Fred Plotkin appears in the following:
Sunday, August 07, 2011
On Tuesday and Wednesday, British soprano Lucy Crowe will make her Lincoln Center debut at the Mostly Mozart Festival. Previous entries in my series of “Unsung Singers” were artists further along in their careers who I feel deserve more recognition. Perhaps in the case of Ms. Crowe “unsung” should suggest that she has not yet performed in places where I could attend. Most of her career thus far has been in the United Kingdom.
Thursday, August 04, 2011
On WQX-Aria, Fred Plotkin considers the operatic potential of Shakespeare's The Winter's Tale, including whether the character of the bear should have a singing part.
Monday, August 01, 2011
The rehearsal process for an opera production is long and complex. Yet many younger of conductors don't dedicate themselves to working with singers properly, writes Fred Plotkin, which will be bad for the future of opera.
Thursday, July 28, 2011
Giuseppe Verdi understood the operatic potential of the tragedy Macbeth and made it his first work based on Shakespeare. It may be a rare case of an opera improving upon the original play, notes Fred Plotkin on WQX-Aria.
Monday, July 25, 2011
There is a generation of people who work in the performing arts, mostly in their 50s and 60s, who are known as “Gilbert’s Children.” All of us had the same master instructor and draw on his wisdom as if it were genetically part of who we are. Gilbert Hemsley (1936-1983) was the kind of inspiring teacher one is lucky to have. He drew the best out of each student and knew how to shine a light on every person’s strengths.
Friday, July 22, 2011
The term maestro has two meanings. It is a conductor, of course, but it also means teacher. To some degree, every conductor is also a teacher, but some few of them so fully embrace pedagogy that it seems to dwarf their other achievements. A few maestros are also composers. Mahler and Leonard Bernstein both belong in this category, as did Mendelssohn in his short life.
Tuesday, July 19, 2011
Many of the world's great opera companies double as ballet companies, including those in London, Paris and Russia. But has anyone lately mentioned the Metropolitan Opera Ballet? On WQX-Aria, blogger Fred Plotkin has a proposal for the Met.
Thursday, July 14, 2011
Opera fans know that Verdi wrote three brilliant operas based on Shakespeare: Macbeth, Otello and Falstaff. And then there is the great Shakespeare opera that Verdi struggled to create, but did not: Il Re Lear. Here's why.
Tuesday, July 12, 2011
On WQX-Aria Fred Plotkin reports on the Caramoor revival of Rossini's William Tell and asks: "What opera has been forgotten, ignored or badly served that you would present in five years?"
Friday, July 08, 2011
On WQX-Aria, Fred Plotkin reports on the revival of the Terrence McNally play "Master Class." "Daly fully stakes her claim as heir to a role that has prismatically brought forth distinct traits of Callas with each actress who plays her."
Tuesday, July 05, 2011
You may know the famous William Tell Overture but what about the opera it introduces? WQX-Aria blogger Fred Plotkin considers why it is often referred to as Rossini’s masterpiece.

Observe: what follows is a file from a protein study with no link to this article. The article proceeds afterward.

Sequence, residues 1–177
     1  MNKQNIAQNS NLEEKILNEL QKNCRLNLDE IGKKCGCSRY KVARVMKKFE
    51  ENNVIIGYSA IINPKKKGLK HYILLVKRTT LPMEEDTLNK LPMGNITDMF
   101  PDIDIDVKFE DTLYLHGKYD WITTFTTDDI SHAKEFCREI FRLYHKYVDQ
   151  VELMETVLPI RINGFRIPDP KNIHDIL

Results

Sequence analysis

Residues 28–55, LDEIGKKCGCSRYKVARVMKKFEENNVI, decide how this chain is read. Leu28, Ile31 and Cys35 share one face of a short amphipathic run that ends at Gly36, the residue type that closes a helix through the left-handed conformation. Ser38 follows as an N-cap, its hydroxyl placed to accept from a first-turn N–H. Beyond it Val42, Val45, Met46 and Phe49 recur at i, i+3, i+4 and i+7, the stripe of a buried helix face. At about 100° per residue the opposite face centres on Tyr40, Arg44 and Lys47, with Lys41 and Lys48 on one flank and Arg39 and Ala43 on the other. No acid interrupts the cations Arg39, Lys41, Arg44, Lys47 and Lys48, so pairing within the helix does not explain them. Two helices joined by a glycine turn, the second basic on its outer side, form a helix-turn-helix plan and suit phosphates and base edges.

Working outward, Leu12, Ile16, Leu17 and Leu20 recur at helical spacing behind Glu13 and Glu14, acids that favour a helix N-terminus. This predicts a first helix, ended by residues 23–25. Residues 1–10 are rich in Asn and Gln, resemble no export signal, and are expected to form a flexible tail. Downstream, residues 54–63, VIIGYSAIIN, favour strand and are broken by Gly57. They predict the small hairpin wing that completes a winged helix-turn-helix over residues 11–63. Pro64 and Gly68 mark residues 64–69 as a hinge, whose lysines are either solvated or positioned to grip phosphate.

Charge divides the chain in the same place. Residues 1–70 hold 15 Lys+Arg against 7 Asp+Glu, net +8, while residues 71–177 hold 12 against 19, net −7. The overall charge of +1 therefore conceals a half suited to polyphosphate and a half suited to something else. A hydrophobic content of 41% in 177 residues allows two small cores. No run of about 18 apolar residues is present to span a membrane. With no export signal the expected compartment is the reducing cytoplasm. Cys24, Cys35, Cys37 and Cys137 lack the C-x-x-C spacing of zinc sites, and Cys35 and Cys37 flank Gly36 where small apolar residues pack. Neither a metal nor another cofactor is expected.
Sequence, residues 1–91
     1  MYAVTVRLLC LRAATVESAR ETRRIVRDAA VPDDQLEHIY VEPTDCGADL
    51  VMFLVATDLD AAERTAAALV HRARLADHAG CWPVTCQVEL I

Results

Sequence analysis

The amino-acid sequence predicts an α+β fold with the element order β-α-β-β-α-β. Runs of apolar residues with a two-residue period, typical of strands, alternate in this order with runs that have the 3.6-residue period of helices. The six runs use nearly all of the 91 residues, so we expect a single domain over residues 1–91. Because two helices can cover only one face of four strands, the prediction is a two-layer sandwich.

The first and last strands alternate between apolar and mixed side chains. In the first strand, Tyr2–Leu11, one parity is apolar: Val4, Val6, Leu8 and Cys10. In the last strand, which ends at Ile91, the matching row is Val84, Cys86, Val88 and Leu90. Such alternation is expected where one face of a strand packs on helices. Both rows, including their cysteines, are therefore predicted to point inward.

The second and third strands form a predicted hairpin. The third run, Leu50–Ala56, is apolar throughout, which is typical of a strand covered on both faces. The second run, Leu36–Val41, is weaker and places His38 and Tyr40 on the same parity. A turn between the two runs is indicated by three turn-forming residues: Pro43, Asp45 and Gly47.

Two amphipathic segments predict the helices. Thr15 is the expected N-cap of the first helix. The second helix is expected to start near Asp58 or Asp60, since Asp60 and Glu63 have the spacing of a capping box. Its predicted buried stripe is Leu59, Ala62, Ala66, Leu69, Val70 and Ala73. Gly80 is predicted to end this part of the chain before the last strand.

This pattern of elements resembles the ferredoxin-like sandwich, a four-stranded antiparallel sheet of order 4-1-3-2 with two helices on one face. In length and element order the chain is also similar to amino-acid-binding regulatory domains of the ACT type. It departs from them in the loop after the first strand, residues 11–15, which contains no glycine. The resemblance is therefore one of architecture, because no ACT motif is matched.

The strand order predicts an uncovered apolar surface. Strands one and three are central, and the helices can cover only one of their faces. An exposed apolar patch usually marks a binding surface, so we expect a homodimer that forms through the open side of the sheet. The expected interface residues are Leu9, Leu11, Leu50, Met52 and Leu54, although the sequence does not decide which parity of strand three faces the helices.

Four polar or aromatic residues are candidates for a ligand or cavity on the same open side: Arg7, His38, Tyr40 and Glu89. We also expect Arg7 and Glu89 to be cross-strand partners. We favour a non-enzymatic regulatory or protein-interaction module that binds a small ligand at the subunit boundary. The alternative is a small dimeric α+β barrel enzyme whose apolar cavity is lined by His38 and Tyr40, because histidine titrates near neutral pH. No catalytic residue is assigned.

Saturday, July 02, 2011
Kansas recently became the nation's first state without an arts agency. On WQX-Aria, Fred Plotkin considers the implications of that dubious distinction, and why "the arts will be our legacy as a civilization long after we forget who our politicians were."
Tuesday, June 28, 2011
Alice Plotkin (August 28, 1947-June 25, 2011), my beloved cousin, died this past weekend in New York, the city of her birth and the place where she most thrived.
Thursday, June 23, 2011
For the finale to his second season as music director, Alan Gilbert chose to stage Janacek’s The Cunning Little Vixen. Fred Plotkin offers an assessment of its significance in the operatic canon.
Sunday, June 19, 2011
As Tony Award winner Tyne Daly makes her return to Broadway as Maria Callas in Terrence McNally's biographical drama, "Master Class," Fred Plotkin considers the many actresses who have portrayed the famous soprano.
Thursday, June 16, 2011
SALZBURG, AUSTRIA —
Riccardo Muti concluded his five-year tenure as the artistic director of the Pfingstfestspiele (Whitsun) Festival in Salzburg on June 13 by playing one of his strong suits: the music of Luigi Cherubini (1760-1842). Muti has been a leading interpreter and champion of the Florence-born composer who is most famous for his opera, Medea.
Tuesday, June 14, 2011
On WQX-Aria, blogger Fred Plotkin claims a special feeling for the mezzo-soprano voices. "There is a warmth and sensuality to middle range voices (including the baritone) that exerts a special appeal." Alaska-born mezzo Vivica Genaux is in a case in point.
Monday, June 13, 2011
From Salzburg, Fred Plotkin reports on a revival of I Due Figaro, a forgotten operatic tale of Figaro, the character famously popularized by Mozart and Rossini. This one, however, comes via "a production without imagination."
Tuesday, June 07, 2011
To be a great maestro, less is more, writes Fred Plotkin on WQX-Aria. "The best conductors sort out almost all of the stylistic and musical issues in rehearsal, leaving themselves and musicians free to just play and breathe spontaneously."
Saturday, June 04, 2011
Experiencing the Met's radio broadcasts is no longer an ephemeral experience, writes blogger Fred Plotkin on WQX-Aria. The Met, along with Sony, has begun to take some jewels out of the vault, including recordings of Mozart, Beethoven and Wagner operas.